FIGS. 15C and 15D illustrate yet another embodiment of the end effector assembly 405 of FIG. 14 having lower and upper jaw members 410 and 420, respectively. More particularly, end effector assembly 405 e includes upper jaw member 420 e that is identical to upper jaw member 420 d as described above with respect to FIGS. 15A and 15D. The jaw members, e.g., lower jaw member 410 e, may be substantially identical to lower jaw member 410 d described above with respect to FIGS. 15A and 15B. Lower jaw member 410 e is also configured with one or more optical sensors, e.g., first, second and third optical sensors 2026 a′, 2026 b′, 2026 c′, respectively, that are again similar to optical sensor 202′, as described previously with respect to FIG. 4B with the exception that the large diameter single optical fiber 208 is now included.

As illustrated in FIGS. 15C and 15D, one end 2080 a, 2080 b, 2080 c of each large diameter single optical fiber 208 a, 208 b, 208 c, respectively, is exposed directly on inwardly facing surface 410′ to sense light propagating in light paths 341 a, 341 b, 341 c, respectively, from patient tissue (not shown) and to communicate the light to be reflected via the respective prisms 206 a′, 206 b′, 206 c′ again through a plurality of optical fibers 204 a′, 204 b′, 204 c′ that are routed through individual channels in channel groups 2040 a′, 2040 b′, 2040 c′, respectively.

In a similar manner as with respect to end effector assembly 405 d described with respect to FIGS. 15A and 15C, the optical sensors 2026 a′, 2026 b′, 2026 c′ are each positioned to sense at least a portion of the light propagating in light paths 341 a, 341 b, 341 c, respectively, through the patient tissue. The light is transmitted by the optical transmitter 2026 positioned in the upper jaw member 420, for monitoring hydration levels in the patient tissue during operation of the electrosurgical forceps 400. To enable routing of the optical fibers 204 a′, 204 b′, 204 c′ in channel groups 2040 a′, 2040 b′, 2040 c′, the channel groups 2040 a′, 2040 b′, 2040 c′ are formed laterally offset from one another within the lower jaw member 410 d. More particularly, as indicated above, the first, second and third optical sensors 2026 a′, 2026 b′, 2026 c′ each have a large diameter single optical fiber 208 a, 208 b, 208 c associated with prisms 206 a′, 206 b′, 206 c′, respectively, that are mounted within the fixed jaw member 410 e. The first large diameter single optical fiber 208 a and associated prism 206 a′ are mounted distally of the second large diameter single optical fiber 208 b and associated second prism 206 b′, and the second large diameter single optical fiber 208 b and associated second prism 206 b′ are mounted distally of the third large diameter single optical fiber 208 c and associated prism 206 c′.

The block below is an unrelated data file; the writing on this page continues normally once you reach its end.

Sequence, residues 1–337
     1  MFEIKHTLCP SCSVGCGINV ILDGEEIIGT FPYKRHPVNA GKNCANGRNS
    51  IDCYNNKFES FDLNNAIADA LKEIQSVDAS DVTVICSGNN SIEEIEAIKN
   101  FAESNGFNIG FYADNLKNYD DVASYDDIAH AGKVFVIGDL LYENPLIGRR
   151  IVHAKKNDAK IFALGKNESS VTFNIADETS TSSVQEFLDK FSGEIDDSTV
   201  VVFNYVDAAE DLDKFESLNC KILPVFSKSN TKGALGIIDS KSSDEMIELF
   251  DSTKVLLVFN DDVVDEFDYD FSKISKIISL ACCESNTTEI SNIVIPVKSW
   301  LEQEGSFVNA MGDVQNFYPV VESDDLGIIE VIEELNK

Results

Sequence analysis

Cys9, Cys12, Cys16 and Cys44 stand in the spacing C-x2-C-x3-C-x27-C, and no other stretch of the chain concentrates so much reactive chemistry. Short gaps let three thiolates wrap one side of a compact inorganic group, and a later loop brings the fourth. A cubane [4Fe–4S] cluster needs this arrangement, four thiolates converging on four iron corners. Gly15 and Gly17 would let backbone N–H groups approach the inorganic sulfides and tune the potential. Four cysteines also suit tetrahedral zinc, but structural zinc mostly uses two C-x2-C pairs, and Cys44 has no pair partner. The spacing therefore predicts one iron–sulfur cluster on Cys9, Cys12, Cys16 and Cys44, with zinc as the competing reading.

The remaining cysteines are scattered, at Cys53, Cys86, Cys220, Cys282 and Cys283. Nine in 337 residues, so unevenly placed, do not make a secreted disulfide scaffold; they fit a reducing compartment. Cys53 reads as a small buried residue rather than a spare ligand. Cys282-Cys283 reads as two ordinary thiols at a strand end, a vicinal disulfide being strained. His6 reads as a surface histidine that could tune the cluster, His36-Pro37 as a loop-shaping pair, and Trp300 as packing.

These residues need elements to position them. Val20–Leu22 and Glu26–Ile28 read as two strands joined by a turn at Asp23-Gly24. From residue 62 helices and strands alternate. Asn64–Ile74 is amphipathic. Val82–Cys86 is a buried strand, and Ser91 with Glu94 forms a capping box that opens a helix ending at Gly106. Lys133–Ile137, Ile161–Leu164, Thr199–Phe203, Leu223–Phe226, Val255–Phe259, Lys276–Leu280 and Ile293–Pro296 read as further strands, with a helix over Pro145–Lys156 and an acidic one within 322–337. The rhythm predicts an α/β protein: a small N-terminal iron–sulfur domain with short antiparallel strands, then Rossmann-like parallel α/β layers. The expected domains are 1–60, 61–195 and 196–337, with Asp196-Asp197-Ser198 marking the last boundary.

The first optical fiber 208 a and associated first prism 206 a′ may be mounted in proximity to first lateral edge 440 a of the surface 410 e, The second optical fiber 208 b and associated first prism 206 b′ may be laterally offset with respect to the first optical fiber 208 a and associated first prism 206 a′ and may be further laterally offset with respect to the first lateral edge 440 a. The third optical fiber 208 c and associated third prism 206 c′ may be laterally offset with respect to both first and second optical fiber 208 a, 208 b and associated prisms 206 a′ and 206 b′, respectively, and may be in proximity to second lateral edge 440 b of the surface 410 e.

Correspondingly, the first channel group 2040 a′ is laterally offset from the second channel group 2040 b′ and both the first and second channel groups 2040 a′ and 2040 b are laterally offset from third channel group 2040 c′.